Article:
The 13 Villages of Newton, Mass.
"Newton is made up of a dozen or so villages, the boundaries of which are so obscure that one may move about the city without ever noticing the passage from one village to the next."
When I moved to Newton, I was given a City-produced booklet
enumerated 14 villages, however, Stephen Gartrell at the
Planning Department says there are only 13:
On the other hand, in 1930, the Clerk of the city Board of Assessors only enumerated 11, with Newton Corner, Thompsonville, and Oak Hill missing (3), while the Newton Village Study, a substantive examinination of the villages, got the count back up to 14 by adding "Four Corners", which is a neighborhood.
[The City of Newton's GIS department no longer provides a Villages Map! You can, however, access other types of maps (in PDF/Adobe Acrobat format only) by going to the GISMap Library. If you miss the Villages map, feel free to drop a line to Ann Cornaro (firstname.lastname@example.org), director of Information Technology.]
For history buffs, the U.S. Library of Congress (http://www.loc.com) has amazing interactive versions of maps of Newton that were published in 1878 and 1897. Go to United States -- Maryland -- Mountain Lake Park link (in their "American Memory" collection), then scroll down to "United States--Massachusetts--Newton."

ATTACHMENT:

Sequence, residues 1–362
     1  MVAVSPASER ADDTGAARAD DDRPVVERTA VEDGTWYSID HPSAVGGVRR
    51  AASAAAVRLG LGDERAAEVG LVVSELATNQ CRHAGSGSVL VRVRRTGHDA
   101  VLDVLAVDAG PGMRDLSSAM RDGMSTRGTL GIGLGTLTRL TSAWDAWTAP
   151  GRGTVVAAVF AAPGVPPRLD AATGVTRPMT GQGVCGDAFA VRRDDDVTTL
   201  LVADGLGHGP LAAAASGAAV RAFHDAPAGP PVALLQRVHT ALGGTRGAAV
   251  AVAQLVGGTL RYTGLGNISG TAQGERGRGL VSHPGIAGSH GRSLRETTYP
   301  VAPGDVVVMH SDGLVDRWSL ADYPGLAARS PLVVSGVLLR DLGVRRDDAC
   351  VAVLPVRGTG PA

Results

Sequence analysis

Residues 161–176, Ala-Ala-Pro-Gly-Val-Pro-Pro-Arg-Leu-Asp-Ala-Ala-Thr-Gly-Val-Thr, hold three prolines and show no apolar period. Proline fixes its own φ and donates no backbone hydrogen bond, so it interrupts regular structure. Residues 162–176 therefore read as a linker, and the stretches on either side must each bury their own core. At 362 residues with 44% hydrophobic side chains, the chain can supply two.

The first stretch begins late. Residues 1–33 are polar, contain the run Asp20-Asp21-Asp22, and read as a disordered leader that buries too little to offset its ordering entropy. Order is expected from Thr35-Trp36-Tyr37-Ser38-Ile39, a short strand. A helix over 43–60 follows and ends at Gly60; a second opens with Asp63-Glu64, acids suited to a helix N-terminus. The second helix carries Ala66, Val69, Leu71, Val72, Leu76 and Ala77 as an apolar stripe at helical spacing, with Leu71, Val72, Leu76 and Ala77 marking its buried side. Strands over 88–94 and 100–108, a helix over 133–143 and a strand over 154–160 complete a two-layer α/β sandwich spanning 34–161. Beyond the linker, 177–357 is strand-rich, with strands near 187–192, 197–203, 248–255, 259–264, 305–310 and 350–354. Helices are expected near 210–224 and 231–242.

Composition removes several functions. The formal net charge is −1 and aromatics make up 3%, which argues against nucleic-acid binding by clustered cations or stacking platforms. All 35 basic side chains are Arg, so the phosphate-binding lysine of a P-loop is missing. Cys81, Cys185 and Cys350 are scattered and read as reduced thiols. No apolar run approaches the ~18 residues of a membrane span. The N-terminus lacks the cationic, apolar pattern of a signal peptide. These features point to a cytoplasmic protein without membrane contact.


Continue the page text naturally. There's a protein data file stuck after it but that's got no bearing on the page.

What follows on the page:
In some ways, villages in the city of Newton are a state of mind; there are no formal borders, but everyone knows in which village they live. Some village names are official Post Office town designations (although the Post Office labels as Newton Center that which is properly written Newton Centre thank you very much). One village, Chestnut Hill, actually shares its name with a neighboring area in the Town of Brookline, although nobody local seems to have the slightest difficulty telling where Newton ends and Brookline begins.
Here is pertinent information about these 13 villages. If there's information you'd like to see
included, drop me a line.
All of the monographs, books, and booklets listed below can be found in the Newtoniana Collection at the Newton Free Library.